why register your kitchen as a lfe?

Selling food within friend circles or on social media without LFE registrations may be illegal. The first violation is a summary offense. Three violations within two years is a third-degree misdemeanor. Each violation can also result in a $10,000 fine.

what are the barriers to obtaining a lfe registration?

Before discussing the LFE application, you should be aware of the barriers below that could prevent you from obtaining an LFE registration. If you cannot overcome a barrier, consider: (1) contacting a nearby commercial kitchen; or (2) creating another kitchen in your home and applying for commercial status with the Department of Agriculture (“Department”).

  1. Prohibited Foods

The Department prohibits Time/Temperature Control for Safety (“TCS”) foods. Typically, foods requiring refrigeration are TCS. Rejected TCS foods include:

  • Fresh fruits/vegetables;
  • Garlic-in-oil products;
  • Meat; and
  • Desserts with cream-based fillings (no Boston crème donuts – I know, blasphemy).

What if your masterpiece is a moist cake or salsa? These foods are “questionable products.” You must submit the food to a lab to test the pH and water levels.

2. Pets/Animals
You cannot register your kitchen if you have pets in your home at any time. However, the Department may grant the registration if there is:

    • A physical barrier (e.g., door) to the kitchen making it inaccessible to pets; and
    • A separate entrance to the kitchen, so ingredients are transported through areas inaccessible to pets.

    Fish, reptiles, or other cage-confined animals aren’t considered “pets,” as long as they aren’t located near the kitchen.

    1. Private Water and Sewage System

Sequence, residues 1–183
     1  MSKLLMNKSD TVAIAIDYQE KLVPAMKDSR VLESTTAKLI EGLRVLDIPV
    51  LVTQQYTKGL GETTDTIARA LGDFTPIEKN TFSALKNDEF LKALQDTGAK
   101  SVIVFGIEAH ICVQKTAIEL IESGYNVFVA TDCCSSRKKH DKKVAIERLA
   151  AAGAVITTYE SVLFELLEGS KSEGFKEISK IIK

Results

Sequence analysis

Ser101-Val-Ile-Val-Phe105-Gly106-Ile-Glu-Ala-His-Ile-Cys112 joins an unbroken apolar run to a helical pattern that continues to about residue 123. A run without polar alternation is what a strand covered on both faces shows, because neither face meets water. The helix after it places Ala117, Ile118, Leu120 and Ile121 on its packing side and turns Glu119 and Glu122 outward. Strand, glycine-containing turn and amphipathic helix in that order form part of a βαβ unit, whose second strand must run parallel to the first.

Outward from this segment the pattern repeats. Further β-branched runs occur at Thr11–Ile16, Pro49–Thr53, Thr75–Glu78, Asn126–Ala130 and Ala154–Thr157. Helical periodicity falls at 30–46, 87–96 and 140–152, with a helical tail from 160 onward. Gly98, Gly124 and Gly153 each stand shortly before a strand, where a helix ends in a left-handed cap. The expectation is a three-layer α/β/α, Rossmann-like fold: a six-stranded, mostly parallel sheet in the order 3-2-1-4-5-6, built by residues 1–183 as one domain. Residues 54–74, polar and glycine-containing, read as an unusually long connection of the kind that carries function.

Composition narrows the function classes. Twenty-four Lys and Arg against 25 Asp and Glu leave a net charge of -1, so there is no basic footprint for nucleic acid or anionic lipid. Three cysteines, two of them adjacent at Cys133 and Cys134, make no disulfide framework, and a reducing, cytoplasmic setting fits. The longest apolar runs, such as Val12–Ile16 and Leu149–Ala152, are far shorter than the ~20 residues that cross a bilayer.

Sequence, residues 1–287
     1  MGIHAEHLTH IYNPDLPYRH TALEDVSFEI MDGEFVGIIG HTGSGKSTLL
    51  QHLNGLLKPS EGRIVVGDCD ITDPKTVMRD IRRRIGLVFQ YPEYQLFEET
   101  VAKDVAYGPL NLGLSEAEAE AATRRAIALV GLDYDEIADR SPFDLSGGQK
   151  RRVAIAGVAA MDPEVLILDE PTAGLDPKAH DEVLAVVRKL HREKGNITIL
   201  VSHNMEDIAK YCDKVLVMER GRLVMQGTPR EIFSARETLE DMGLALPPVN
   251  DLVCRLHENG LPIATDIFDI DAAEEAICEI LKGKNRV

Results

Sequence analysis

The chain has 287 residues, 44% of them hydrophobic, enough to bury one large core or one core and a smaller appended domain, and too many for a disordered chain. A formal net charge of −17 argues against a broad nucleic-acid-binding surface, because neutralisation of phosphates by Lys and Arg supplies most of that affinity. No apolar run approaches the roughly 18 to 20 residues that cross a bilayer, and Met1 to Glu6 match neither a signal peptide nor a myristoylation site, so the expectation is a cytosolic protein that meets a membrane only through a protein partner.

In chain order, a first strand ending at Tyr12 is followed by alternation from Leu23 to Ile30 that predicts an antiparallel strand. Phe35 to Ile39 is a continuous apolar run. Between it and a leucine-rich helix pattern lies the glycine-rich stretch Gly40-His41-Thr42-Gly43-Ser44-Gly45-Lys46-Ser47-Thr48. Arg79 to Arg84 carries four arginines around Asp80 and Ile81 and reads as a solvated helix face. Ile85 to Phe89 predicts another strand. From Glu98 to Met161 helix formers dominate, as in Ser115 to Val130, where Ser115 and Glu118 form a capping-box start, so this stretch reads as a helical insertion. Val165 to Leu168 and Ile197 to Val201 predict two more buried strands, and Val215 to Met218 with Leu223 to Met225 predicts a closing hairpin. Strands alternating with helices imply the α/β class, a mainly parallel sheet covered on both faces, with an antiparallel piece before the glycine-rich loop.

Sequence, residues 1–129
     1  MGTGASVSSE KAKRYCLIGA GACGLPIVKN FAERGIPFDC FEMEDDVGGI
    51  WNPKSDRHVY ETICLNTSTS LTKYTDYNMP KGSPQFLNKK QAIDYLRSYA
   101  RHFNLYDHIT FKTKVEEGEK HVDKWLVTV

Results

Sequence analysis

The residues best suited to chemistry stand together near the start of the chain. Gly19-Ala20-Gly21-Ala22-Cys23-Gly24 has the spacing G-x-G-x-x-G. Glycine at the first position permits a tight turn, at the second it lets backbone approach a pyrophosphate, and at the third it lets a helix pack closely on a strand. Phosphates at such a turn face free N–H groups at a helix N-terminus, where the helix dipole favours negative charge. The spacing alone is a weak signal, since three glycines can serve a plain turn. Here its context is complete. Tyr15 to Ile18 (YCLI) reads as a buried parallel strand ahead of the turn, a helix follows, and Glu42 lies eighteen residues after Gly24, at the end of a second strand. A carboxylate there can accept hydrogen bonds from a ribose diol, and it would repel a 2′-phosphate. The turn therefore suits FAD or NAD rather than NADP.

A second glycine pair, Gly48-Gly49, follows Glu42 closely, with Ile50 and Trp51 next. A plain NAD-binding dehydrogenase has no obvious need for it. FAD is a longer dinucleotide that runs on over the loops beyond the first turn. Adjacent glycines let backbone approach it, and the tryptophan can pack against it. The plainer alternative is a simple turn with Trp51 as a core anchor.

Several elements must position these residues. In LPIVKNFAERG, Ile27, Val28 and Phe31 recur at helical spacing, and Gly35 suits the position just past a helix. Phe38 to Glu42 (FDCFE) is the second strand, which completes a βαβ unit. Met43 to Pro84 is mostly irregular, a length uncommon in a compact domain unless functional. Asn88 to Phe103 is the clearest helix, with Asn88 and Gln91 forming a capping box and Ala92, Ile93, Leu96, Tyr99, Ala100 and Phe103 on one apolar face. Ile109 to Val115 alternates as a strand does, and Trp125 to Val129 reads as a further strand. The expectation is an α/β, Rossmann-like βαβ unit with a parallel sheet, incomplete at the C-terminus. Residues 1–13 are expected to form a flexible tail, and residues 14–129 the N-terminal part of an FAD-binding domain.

Water supply and sewage disposal must be approved. If you use public water and sewage system, you’re in the clear. If your source of water is private, you must submit the water to a lab to test for chemicals. Annual testing is required to maintain registration. If you have private sewage disposal, you must contact your certified Sewage Enforcement Officer to discuss if your system is appropriate for a food business.

    1. Local Requirements

    Local zoning or ordinances may prevent the use of home kitchens for businesses. Department approval doesn’t imply that the business complies with local requirements.

    Contact your municipality to ensure that a food business from your kitchen is allowed.

    how do I prepare and submit the application?

Everyone who wants to sell from their kitchen must fill out a free application to register it as a LFE. Submit the application to your regional office, who will review it within 3 to 5 weeks. The application packet is 20 pages. Don’t be alarmed – the actual application starts on page 15. Here’s a checklist to help you prepare:

Click to learn more about allergensNet Wt. calculations, and licenses to collect taxes.

what should i expect after submitting the application?